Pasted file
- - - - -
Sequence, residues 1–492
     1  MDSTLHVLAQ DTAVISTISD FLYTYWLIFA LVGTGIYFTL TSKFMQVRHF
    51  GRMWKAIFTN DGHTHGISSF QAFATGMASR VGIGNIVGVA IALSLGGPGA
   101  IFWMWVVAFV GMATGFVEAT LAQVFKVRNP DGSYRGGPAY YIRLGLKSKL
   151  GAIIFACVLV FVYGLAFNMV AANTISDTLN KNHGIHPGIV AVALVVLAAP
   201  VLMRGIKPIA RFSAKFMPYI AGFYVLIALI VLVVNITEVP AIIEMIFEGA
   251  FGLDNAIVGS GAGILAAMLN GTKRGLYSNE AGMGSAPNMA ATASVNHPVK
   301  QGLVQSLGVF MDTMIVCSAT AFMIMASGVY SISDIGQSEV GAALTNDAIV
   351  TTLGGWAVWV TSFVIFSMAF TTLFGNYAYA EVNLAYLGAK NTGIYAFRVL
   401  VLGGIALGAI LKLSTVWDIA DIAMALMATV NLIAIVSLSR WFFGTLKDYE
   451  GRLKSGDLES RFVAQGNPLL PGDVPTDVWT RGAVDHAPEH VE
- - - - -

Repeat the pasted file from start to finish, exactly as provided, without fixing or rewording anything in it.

Sequence, residues 1–492
     1  MDSTLHVLAQ DTAVISTISD FLYTYWLIFA LVGTGIYFTL TSKFMQVRHF
    51  GRMWKAIFTN DGHTHGISSF QAFATGMASR VGIGNIVGVA IALSLGGPGA
   101  IFWMWVVAFV GMATGFVEAT LAQVFKVRNP DGSYRGGPAY YIRLGLKSKL
   151  GAIIFACVLV FVYGLAFNMV AANTISDTLN KNHGIHPGIV AVALVVLAAP
   201  VLMRGIKPIA RFSAKFMPYI AGFYVLIALI VLVVNITEVP AIIEMIFEGA
   251  FGLDNAIVGS GAGILAAMLN GTKRGLYSNE AGMGSAPNMA ATASVNHPVK
   301  QGLVQSLGVF MDTMIVCSAT AFMIMASGVY SISDIGQSEV GAALTNDAIV
   351  TTLGGWAVWV TSFVIFSMAF TTLFGNYAYA EVNLAYLGAK NTGIYAFRVL
   401  VLGGIALGAI LKLSTVWDIA DIAMALMATV NLIAIVSLSR WFFGTLKDYE
   451  GRLKSGDLES RFVAQGNPLL PGDVPTDVWT RGAVDHAPEH VE